Cats always know what time it is! Whether you fix it to the position of the sun, our habits, or your internal clock, your sense of time works perfectly.
Does your cat come to your bed at the same time every morning and meow in your ear? This is useful if you have forgotten to set an alarm clock, but on the weekend you could do without the house tiger’s precise time sense.
In fact, cats seem to be able to sense time, but how is that possible? Are you wearing a watch hidden under your fur or is there more to it than that?
Cats’ Sense of Time: They Hunt in the Twilight
It is often said that cats are post-active animals and that they are mainly active at sunrise and sunset. Cats were domesticated very late, which is why the shoots of their wild ancestors are still firmly anchored in them.
Even with a full food bowl, they always hunt at the same time every day: at the same time as their prey. And that is during dusk and dawn.
The sun, therefore, plays a decisive role in the daily routine of cats and it is often difficult for them to switch from winter to summertime.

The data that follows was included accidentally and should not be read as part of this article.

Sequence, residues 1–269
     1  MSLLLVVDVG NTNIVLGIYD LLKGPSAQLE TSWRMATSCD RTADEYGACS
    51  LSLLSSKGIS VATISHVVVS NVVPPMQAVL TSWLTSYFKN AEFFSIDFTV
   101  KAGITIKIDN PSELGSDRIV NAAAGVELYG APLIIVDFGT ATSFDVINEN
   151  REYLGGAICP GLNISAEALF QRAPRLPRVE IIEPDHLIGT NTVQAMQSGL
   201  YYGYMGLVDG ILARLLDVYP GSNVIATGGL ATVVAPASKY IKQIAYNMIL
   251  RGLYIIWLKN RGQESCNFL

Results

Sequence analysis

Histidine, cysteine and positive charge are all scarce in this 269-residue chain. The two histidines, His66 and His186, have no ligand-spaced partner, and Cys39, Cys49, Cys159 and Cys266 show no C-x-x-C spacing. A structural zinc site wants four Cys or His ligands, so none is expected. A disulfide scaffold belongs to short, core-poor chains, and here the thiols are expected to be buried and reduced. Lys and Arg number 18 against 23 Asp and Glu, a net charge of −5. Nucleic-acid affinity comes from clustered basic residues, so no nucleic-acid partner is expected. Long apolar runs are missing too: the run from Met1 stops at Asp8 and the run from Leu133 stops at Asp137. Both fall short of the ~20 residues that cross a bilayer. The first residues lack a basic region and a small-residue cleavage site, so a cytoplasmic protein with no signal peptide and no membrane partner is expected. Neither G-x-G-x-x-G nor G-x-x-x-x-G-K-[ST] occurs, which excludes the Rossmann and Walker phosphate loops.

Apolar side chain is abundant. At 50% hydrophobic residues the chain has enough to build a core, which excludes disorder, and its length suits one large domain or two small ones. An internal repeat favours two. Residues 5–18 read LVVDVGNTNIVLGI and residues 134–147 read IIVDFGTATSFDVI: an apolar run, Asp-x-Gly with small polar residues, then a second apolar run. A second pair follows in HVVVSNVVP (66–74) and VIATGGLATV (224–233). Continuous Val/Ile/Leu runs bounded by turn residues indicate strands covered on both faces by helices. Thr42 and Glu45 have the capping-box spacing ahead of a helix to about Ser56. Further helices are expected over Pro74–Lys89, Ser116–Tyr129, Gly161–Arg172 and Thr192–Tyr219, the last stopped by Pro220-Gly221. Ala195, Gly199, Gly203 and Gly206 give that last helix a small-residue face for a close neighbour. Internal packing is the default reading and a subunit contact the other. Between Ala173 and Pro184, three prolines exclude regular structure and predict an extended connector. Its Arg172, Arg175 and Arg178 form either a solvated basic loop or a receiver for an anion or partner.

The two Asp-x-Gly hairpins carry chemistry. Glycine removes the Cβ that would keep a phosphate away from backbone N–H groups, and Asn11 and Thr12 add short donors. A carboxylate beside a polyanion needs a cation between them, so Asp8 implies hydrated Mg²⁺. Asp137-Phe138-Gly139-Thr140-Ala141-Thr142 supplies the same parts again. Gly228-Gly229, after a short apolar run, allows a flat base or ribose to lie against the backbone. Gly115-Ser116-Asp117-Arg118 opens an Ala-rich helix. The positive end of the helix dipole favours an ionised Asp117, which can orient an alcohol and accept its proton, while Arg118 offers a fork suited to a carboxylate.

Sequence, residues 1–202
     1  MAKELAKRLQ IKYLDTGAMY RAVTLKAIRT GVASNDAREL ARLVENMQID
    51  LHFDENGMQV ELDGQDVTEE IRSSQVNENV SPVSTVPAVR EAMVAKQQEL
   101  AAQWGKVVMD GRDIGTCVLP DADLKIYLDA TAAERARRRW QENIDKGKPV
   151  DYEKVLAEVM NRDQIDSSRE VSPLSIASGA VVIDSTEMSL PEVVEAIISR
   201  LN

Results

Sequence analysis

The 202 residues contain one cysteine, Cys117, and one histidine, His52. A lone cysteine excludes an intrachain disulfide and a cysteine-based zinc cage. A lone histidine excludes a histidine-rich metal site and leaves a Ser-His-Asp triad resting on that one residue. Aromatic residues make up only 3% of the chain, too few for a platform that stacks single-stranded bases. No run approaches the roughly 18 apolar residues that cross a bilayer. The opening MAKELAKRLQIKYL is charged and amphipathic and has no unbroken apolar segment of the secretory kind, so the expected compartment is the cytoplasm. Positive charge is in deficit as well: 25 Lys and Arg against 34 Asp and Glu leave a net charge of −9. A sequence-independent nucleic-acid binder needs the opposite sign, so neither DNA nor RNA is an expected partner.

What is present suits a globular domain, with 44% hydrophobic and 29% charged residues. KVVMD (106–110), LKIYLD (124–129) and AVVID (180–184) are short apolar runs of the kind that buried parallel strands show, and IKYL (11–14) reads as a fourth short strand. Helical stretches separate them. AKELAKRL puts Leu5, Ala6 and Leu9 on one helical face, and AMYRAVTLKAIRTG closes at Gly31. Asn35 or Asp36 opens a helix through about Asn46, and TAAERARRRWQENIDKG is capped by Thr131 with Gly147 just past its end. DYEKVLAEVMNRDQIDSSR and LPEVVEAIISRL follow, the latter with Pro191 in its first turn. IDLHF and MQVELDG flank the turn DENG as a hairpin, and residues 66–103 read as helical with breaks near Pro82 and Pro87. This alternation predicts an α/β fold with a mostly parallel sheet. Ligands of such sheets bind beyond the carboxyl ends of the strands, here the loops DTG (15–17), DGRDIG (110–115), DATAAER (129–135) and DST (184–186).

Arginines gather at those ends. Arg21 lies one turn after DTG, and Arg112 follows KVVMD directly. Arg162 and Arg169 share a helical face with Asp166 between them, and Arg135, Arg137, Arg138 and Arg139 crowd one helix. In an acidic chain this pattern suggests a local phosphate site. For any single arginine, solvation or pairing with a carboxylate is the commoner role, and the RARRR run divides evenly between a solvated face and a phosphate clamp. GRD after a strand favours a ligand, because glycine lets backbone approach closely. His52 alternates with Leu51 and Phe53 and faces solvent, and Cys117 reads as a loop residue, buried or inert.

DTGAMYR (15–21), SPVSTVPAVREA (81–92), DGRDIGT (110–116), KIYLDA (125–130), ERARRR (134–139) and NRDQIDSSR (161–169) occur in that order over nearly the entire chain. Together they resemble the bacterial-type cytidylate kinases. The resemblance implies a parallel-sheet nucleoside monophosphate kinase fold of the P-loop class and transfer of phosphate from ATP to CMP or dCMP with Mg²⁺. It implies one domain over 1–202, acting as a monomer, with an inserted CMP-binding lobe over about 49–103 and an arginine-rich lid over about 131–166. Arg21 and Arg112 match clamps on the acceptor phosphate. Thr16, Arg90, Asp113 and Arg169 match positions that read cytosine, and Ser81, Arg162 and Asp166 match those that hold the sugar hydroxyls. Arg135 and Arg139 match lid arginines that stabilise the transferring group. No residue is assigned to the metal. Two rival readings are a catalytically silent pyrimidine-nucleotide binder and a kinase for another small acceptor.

Habits and Rituals as a Guide
So far there are only a few studies that deal with cats and their sense of time, so we know very little about them to this day. But most cat owners will have noticed that their house tiger always asks for food at the same time of day.
Even if we are not aware of it, cats orientate themselves strongly to our own everyday habits. Cats know what time of day it is based on how we behave.
For example, when at the end of the night we move our toes, the alarm clock goes off and the sun comes up. These are all signs that we are getting up soon. The cats watch and remember these signs.
Whether we are aware of it or not, by being responsive to our cat, we are strengthening its habits further. For example, when we scratch her chin when we wake up in the morning. These are all rituals that we maintain with our pets and that help the cats to orientate themselves during the day.
The Internal Clock of Cats
Cats use these signs to orient themselves in their everyday life, but also with the help of their biological clock, which is noticeable in the form of hunger and thirst.
Some studies have even shown that cats are able to differentiate between long and short periods of time, which suggests that cats are well equipped with an internal clock.